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About this poet

Jennifer Givhan grew up in Southern California’s Imperial Valley. She received an MFA from Warren Wilson College and an MA in English literature from California State University–Fullerton. She is the author of Protection Spell (University of Arkansas Press, 2017), selected by Billy Collins for inclusion in the Miller Williams Series, and Landscape with Headless Mama (Louisiana State University Press, 2016), winner of the 2015 Pleiades Editors’ Prize. Givhan has received a National Endowment for the Arts fellowship and a PEN/Rosenthal Emerging Voices fellowship. She currently serves as the poetry editor of Tinderbox Poetry Journal and lives in Albuquerque, New Mexico.


“It’s time you learn to scrub a chicken.”
    Mama rarely cooked after working all day—her heart wasn’t in it.
But a daughter should know how to sterilize

that pink, ominous cavern before she flew
    away to salt her own kitchens: pry its legs apart
& reach inside to scoop as if the bird was pregnant.

When I moved out that winter, pregnant
    & fat like nobody’s business but still too chicken to tell
Mama, I took up with a boy who tore apart

our piss cold apartment looking for the piece of his heart he
    swore I’d eaten. He claimed it flew
into my belly & before I gave it back, I’d need to sterilize

it. So I ran around that damn flat with wipes to sterilize every
    counter & crevice. Not only was I pregnant &
compulsive, but news had spread that flu

had reached pandemic level—this time from swine not chickens.
    I’d read that pregnant women were more susceptible to heart failure.
I figured that also meant the tiny throbbing pink part

in my belly. I never studied anatomy, apart
    from an odd encounter with a college boy who tried to sterilize my body
with his tongue. It didn’t work but left heart-

shaped scars along my chest & thighs, each mark pregnant with
    blood, a strawberry patch or the red wattle of a chicken.
I’d begun to waddle around in baggy sweats a few

weeks since seeing Mama. She’d suspected the “more than a few
    pounds” I’d gained, flinging accusations, shredding me apart
for acting the slut I was. I’d heard it before—she’d squawk chicken

shrills until I broke down. She’d peck at me to sterilize
    my body like the kitchen, the chicken, my own pink pregnant belly
ache. She’d have had me scoop out my own heart

to make a point. I don’t think I could live without a heart.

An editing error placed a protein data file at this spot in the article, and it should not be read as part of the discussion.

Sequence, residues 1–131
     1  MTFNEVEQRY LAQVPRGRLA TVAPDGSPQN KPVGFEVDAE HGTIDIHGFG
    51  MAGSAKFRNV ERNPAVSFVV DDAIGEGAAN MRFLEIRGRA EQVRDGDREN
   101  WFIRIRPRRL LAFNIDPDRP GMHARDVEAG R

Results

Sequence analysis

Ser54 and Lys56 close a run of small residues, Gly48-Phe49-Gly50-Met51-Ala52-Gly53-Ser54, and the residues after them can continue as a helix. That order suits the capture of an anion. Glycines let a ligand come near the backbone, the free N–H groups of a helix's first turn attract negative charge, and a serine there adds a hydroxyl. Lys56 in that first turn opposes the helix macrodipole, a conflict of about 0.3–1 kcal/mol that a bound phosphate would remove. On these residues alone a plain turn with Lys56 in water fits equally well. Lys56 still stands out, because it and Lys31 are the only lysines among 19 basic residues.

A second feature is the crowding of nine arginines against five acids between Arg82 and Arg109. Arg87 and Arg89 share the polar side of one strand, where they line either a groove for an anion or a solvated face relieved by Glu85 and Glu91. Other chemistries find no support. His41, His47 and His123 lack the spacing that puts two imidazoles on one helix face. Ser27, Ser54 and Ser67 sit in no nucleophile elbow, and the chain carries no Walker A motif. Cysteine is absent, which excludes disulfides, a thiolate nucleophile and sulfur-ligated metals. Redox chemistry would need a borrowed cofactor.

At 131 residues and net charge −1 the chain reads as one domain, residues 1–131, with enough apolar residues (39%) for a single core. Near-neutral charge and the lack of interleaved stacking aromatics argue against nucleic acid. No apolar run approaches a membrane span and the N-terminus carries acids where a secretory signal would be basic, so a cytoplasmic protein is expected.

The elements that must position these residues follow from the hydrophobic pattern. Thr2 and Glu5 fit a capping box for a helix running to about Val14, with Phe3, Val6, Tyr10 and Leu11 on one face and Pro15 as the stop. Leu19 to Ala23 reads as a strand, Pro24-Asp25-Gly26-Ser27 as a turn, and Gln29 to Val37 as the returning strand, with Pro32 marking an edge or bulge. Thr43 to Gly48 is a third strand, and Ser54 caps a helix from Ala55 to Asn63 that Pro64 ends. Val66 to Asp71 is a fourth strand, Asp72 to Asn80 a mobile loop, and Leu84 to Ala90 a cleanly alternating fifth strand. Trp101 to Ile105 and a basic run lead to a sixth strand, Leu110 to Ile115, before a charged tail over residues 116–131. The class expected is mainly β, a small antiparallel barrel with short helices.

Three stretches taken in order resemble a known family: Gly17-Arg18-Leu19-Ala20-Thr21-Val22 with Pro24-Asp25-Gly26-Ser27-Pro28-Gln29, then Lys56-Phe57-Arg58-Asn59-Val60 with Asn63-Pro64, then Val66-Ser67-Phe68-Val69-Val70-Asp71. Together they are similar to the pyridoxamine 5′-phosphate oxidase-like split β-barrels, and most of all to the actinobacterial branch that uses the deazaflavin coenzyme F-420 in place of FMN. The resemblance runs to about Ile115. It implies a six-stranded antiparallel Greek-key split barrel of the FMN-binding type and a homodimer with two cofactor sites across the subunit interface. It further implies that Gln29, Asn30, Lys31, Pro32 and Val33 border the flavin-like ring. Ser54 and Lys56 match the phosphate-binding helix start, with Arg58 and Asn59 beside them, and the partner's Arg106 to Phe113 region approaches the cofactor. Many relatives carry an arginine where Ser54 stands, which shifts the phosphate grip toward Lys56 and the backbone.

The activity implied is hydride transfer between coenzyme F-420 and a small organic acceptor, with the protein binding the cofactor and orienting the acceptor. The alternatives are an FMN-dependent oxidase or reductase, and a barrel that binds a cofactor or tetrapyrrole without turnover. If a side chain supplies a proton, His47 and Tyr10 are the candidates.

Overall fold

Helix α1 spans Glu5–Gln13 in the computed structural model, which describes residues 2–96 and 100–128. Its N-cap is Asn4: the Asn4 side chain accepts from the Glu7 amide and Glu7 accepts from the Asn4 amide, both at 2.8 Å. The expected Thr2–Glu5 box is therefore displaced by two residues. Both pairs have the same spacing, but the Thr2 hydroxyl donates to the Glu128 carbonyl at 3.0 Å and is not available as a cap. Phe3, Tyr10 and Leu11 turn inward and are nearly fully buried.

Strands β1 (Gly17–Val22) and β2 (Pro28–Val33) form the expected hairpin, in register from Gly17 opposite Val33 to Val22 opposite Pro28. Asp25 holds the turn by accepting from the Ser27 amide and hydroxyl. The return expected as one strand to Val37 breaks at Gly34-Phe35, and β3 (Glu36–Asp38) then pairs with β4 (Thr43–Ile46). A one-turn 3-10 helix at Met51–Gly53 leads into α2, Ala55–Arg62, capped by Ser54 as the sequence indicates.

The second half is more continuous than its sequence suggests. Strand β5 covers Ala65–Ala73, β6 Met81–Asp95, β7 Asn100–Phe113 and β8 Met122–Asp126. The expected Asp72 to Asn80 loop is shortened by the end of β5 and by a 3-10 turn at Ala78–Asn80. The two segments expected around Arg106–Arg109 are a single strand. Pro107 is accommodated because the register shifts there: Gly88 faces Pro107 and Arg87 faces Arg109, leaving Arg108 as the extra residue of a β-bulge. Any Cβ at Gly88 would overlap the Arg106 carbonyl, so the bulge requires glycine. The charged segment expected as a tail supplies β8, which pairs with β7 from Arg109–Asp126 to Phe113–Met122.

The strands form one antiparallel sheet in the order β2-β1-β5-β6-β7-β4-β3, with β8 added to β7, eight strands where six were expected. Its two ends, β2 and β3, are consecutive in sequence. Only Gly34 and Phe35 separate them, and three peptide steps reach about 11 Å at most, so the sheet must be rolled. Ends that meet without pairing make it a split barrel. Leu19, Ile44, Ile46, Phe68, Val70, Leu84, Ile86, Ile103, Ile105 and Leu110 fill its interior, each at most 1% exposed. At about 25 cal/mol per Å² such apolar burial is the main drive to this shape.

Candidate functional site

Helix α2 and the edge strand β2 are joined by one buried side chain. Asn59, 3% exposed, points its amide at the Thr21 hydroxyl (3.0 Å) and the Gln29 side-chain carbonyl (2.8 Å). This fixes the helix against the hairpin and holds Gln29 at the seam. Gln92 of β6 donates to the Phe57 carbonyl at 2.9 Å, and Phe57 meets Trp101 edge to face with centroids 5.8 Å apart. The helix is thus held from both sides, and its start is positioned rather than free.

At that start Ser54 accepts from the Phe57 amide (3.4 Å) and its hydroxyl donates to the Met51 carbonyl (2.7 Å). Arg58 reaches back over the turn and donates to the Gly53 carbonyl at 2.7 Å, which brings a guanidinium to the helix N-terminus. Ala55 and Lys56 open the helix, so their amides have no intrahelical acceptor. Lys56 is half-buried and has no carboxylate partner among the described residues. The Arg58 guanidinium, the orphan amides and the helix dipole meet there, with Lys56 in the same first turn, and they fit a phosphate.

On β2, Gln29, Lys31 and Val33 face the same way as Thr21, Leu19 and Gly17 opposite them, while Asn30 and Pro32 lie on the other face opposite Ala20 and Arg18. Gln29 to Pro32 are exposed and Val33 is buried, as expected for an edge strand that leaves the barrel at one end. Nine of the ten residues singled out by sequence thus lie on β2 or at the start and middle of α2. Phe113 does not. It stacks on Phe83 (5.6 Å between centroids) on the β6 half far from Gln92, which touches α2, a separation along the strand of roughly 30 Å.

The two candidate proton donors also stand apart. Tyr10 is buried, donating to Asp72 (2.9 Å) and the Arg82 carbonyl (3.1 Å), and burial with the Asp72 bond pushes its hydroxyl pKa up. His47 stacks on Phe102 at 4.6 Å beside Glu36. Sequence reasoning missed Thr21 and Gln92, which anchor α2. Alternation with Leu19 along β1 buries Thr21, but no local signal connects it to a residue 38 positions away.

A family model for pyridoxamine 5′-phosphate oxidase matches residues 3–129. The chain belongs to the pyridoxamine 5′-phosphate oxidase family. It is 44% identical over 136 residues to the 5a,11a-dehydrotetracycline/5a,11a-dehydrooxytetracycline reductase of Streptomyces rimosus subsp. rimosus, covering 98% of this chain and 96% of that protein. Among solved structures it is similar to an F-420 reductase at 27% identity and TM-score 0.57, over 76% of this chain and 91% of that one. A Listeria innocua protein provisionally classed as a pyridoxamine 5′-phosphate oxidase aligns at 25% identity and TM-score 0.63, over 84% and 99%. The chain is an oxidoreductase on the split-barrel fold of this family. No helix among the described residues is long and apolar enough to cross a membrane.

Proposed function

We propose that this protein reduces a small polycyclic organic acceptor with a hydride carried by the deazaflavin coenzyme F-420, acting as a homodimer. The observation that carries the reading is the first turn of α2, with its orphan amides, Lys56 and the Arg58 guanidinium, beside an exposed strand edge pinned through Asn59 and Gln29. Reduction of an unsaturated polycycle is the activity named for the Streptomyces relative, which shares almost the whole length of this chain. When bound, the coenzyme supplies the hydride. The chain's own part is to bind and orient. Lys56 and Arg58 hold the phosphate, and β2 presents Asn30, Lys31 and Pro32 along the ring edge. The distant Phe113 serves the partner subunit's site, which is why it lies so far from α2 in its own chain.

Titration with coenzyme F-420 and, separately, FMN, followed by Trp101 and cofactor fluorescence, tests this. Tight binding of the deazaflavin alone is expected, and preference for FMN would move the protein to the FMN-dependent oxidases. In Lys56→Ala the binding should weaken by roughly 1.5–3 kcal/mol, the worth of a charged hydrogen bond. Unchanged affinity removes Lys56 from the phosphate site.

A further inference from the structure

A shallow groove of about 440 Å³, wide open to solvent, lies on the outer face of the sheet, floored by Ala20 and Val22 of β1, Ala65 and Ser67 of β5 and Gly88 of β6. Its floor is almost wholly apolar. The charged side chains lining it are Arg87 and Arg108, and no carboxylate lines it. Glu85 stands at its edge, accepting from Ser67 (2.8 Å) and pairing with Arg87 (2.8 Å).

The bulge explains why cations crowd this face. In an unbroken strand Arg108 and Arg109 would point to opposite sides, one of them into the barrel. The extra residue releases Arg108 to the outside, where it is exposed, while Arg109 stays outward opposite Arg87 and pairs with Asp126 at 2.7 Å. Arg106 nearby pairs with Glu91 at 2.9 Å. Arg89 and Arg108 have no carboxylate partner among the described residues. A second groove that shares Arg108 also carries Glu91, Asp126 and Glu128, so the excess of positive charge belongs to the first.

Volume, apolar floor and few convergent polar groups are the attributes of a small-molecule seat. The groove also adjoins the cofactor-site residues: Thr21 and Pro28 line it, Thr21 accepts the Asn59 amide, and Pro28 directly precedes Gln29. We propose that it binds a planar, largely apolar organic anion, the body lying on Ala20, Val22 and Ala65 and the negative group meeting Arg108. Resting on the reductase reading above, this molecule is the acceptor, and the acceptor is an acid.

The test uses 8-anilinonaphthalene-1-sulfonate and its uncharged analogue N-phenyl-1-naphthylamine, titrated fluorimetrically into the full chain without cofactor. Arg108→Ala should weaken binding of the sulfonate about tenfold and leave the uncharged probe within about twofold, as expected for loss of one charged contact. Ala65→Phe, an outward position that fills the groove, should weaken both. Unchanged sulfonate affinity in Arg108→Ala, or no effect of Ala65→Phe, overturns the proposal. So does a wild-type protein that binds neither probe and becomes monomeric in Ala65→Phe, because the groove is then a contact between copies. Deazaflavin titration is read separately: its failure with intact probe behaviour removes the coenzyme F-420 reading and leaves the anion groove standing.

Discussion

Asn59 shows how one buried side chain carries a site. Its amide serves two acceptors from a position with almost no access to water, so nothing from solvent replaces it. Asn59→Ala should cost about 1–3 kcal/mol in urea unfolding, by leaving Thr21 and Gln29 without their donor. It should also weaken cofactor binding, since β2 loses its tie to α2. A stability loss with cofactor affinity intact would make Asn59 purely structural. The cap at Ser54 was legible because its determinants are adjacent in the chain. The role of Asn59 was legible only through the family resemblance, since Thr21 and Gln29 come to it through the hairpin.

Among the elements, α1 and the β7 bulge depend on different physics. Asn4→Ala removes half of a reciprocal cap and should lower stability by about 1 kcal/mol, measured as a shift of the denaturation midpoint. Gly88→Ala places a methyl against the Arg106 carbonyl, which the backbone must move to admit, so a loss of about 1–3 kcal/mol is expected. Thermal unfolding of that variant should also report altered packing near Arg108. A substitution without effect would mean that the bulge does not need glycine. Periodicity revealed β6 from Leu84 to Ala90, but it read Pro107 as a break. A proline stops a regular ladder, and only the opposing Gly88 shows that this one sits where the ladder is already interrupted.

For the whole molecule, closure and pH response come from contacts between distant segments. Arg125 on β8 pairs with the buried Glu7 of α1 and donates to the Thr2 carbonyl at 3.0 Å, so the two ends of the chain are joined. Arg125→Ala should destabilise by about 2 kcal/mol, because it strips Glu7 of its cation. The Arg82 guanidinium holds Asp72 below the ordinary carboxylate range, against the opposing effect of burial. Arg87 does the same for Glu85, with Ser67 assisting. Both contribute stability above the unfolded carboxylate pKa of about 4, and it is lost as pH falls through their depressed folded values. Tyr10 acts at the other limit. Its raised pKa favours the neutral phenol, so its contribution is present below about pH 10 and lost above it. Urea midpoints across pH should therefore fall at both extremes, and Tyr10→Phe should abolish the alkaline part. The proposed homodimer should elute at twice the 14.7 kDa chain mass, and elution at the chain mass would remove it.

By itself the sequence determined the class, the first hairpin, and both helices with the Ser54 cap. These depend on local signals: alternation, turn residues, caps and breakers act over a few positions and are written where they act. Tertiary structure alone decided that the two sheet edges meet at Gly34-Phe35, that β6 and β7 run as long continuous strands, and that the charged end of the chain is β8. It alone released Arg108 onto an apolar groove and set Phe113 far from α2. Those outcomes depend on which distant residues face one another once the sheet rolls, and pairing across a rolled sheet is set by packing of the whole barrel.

I’d lived without anyone but Mama since the summer we flew over
the Grand Canyon away from dad. Mama was pregnant

then. That didn’t last long. I was eleven when she clawed apart the
    bathroom, not the kitchen, scrubbing the tub to sterilize
it for a bath, I’d guessed. I’d have asked but was too chicken.

The trick was to keep apart from her long enough for my heart to
    sterilize itself & keep that pink baby from cleansers or flu
or Mama’s broken chicken heart. The trick was to stay pregnant.

From Landscape with Headless Mama (Pleiades Press, 2016). Copyright © 2016 by Jennifer Givhan. Used with the permission of the author.

From Landscape with Headless Mama (Pleiades Press, 2016). Copyright © 2016 by Jennifer Givhan. Used with the permission of the author.

Jennifer Givhan

Jennifer Givhan

Jennifer Givhan is the author of Protection Spell (University of Arkansas Press, 2017). She lives in Albuquerque, New Mexico.

by this poet


that failed to make a strong bond with its mother
& was shipped from a Florida zoo to New Mexico’s

(they’d struck a deal with the dairy farm for that baby
would drink thousands of gallons of cow’s milk)

that calf in the corner who doesn’t know I’m watching her


*To gradually steal all the possessions out of a neighbour’s house by borrowing & not returning —Anjana Iyer

Your mother slaps a frenzy of honey on her plain soft bread
asking where the toaster’s gone & where’s her thieving


Come find me under the black persimmon tree    Mama
where prayers bear wrinkled fruit     bear messages home

Come tend me at sunrise    like sweeping
a grave    offering fresh tortillas

rolled each morning